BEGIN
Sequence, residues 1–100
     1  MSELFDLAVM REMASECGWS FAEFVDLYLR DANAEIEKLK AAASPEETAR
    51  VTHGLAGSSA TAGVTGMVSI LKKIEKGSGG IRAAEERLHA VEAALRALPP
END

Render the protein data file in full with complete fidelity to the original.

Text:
Sequence, residues 1–100
     1  MSELFDLAVM REMASECGWS FAEFVDLYLR DANAEIEKLK AAASPEETAR
    51  VTHGLAGSSA TAGVTGMVSI LKKIEKGSGG IRAAEERLHA VEAALRALPP